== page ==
The essentialist prefers memories rather than keepsakes. One good wedding photo says it all for this person. She doesn’t need a photo album, a videotape, and boxes of unsorted and unlabeled photos lurking in a cardboard box where they will never be looked at until the great-grandchildren toss them out because they don’t know any of the people in the pictures.

The essentialist has enough of everything he or she needs and wants. When something comes into the home, something goes out. There is no need for a sentimental sweater. Just snap a digital picture of it and either have it printed and framed or stored in the cloud with a few other representative snapshots of memories.

The Frugalist

The frugalist does not want to spend money on anything. At one extreme, these are people who reuse their tea bags, squeezing 2 cups out of a one-cup tea bag. Or they use reusable pieces of cloth instead of toilet paper.

Although, to be fair, I admit that there are times when I reuse a tea bag for two cups of tea but that’s because I don’t like to drink strong tea!

When frugality becomes intense, a minimalist lifestyle may not be the driving force or the result. It takes a lot of time and energy to find solutions for everything that might cost money. Since minimalism is often perceived to be about having an efficient lifestyle, the idea of saving everything for reuse is in conflict with that perception. It would be difficult for a frugalist to throw out anything because that style might come back.

However, the true frugal minimalist is someone who buys only what they need when they need it. They scour their monthly expenses to see what can be cut. Do I really need to have cable television, they will ask themselves. Why buy books when I can get them from the library or borrow them from friends for free?

The frugal minimalist might look for good deals on clothing and furniture from second hand stores or flea markets or online sites. Unless of course, they have cut out the expense of having the internet in their home.

There is a difference between not throwing your money away on every passing whim and recycling your tea bags (unless you prefer weak tea!).

The Mindful Minimalist

As a mindful minimalist, you learn to slow down and think about each decision you make. This is the minimalist lifestyle that many prefer.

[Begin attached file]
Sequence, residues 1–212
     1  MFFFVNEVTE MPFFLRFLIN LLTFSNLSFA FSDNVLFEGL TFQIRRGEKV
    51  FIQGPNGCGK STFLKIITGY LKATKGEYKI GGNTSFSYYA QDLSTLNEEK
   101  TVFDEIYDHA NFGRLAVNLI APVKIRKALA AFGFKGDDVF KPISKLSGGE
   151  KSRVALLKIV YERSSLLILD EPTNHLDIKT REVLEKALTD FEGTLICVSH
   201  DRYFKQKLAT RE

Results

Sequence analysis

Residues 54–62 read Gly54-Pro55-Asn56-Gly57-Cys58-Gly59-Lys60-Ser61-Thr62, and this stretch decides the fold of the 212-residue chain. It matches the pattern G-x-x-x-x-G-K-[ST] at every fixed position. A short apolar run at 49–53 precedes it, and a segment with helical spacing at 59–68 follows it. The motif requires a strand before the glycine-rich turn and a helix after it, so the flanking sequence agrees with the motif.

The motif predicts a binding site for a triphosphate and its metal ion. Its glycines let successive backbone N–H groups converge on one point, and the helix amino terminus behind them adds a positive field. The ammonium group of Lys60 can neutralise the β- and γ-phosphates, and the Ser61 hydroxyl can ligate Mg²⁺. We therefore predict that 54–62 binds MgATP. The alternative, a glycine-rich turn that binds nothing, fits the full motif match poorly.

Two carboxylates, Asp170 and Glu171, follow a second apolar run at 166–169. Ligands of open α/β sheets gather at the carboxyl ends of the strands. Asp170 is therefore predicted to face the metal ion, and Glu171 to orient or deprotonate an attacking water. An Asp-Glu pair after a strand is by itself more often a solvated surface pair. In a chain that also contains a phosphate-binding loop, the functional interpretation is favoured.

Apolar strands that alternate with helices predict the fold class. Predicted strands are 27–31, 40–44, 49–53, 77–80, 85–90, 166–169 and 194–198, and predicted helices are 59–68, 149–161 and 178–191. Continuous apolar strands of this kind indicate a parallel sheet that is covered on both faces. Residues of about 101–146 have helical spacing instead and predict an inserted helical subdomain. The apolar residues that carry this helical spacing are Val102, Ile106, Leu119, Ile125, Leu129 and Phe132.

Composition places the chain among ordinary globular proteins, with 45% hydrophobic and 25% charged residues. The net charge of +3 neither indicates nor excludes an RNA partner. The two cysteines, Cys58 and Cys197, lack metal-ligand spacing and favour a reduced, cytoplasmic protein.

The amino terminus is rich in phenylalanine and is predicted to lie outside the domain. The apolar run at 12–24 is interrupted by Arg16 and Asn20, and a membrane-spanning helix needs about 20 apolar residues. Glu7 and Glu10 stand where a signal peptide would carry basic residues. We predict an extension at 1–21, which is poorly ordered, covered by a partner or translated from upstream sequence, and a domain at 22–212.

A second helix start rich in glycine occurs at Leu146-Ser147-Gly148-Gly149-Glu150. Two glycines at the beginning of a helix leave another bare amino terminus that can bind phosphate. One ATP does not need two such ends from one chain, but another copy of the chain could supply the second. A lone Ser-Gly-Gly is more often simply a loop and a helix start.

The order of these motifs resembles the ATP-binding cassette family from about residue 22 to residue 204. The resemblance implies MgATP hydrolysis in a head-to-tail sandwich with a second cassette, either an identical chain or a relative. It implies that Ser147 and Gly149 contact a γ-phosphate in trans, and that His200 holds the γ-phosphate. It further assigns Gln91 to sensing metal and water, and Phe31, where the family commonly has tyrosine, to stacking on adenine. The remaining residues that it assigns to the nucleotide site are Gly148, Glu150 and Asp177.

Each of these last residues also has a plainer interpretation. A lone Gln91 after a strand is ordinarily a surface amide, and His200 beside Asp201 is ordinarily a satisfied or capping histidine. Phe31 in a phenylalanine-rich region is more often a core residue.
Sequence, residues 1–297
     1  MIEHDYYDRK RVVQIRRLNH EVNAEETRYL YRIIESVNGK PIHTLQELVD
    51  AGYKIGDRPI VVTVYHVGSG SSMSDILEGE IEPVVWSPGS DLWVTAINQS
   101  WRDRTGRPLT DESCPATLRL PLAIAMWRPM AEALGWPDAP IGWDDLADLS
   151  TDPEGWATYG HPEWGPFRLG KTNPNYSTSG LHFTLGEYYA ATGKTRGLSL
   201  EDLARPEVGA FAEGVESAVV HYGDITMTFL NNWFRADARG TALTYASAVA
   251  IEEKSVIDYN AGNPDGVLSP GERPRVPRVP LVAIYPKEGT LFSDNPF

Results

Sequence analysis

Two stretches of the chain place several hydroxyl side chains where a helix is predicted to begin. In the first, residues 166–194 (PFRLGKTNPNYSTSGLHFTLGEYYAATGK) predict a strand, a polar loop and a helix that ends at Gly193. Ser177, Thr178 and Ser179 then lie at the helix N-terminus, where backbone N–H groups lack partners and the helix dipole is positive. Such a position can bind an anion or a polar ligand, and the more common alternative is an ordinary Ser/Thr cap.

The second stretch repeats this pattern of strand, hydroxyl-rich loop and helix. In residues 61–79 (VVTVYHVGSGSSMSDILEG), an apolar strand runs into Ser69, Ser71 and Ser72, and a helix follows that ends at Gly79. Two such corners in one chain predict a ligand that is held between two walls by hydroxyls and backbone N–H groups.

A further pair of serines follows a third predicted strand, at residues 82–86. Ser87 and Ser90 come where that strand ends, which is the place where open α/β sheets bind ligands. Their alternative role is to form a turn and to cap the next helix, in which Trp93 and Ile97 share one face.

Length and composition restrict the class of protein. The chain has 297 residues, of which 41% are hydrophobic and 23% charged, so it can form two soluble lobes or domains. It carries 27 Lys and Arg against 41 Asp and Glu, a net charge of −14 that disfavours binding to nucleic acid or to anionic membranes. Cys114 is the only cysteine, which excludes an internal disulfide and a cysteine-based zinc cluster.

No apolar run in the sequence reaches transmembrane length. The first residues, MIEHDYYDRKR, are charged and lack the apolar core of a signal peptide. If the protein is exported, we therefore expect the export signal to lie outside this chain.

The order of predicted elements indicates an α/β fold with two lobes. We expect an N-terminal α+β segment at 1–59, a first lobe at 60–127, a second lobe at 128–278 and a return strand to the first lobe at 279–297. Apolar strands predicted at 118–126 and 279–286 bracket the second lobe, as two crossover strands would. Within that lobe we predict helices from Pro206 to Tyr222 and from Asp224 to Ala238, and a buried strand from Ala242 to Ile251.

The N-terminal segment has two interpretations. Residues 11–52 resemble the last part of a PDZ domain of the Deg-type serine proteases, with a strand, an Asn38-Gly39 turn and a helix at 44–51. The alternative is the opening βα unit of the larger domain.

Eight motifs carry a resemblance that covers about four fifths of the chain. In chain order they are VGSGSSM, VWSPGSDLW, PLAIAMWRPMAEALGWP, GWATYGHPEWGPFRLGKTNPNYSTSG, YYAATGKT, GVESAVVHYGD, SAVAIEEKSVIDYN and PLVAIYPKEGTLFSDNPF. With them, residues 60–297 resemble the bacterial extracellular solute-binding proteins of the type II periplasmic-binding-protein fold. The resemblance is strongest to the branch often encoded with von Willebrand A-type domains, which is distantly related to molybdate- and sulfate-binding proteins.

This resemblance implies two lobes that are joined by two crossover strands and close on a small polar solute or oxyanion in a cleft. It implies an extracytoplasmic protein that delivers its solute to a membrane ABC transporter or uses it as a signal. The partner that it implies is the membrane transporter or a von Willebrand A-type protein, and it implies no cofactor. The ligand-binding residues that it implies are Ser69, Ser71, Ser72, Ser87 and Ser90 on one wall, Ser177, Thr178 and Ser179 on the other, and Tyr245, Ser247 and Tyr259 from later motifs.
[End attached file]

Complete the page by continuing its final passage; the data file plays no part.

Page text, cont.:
You don’t get carried away by the frenzy of a sale, or the idea that something will fix all the problems in your life instantly. And you know that buying the kitchen gadget that promises you delight won’t deliver on that promise. You know that you have spent money in the past seeking that same sensation of happiness and you know that you were disappointed.

The mindful minimalist becomes aware of being in the moment. It takes a little while to get used to being mindful because over the years we have become accustomed to the chatter in our brains. We’ve become accustomed to the sound of our smartphones chiming that we have a message. We’ve become accustomed to the chaos of daily living and the clutter around us.

Being mindful doesn’t mean that you have to give up everything or anything. It doesn’t mean that you have to stop spending money on the things that do give you pleasure in life. Mindfulness slows you down so that you put more thought into every action and every decision that you make.

You might find that you end up arguing with yourself about how important some things are to you. This can be a valuable exercise because it forces you to think about what you really want out of life.

Start Slow, Keep on Going – you’ll achieve the minimalist lifestyle in your own time

What if you decided to take a long slow look at doing more with less? What if you turned instead to all the promised solutions you already purchased and really thought about whether they fulfilled their promises?

To turn toward a minimalist lifestyle, you don’t have to give up all the pleasures of life. You simply have to slow down and enjoy the things you already have.

Use what you can, and get rid of the clutter that you know you won’t or can’t use.

If you only take away one idea from this article, stop and delay every new purchase. Give yourself a chance to think about whether you really need that item. And while you’re in that thinking stage, look around your home and see whether there is one item you can get rid of today. Start small but keep going. You’ll be happy with the result.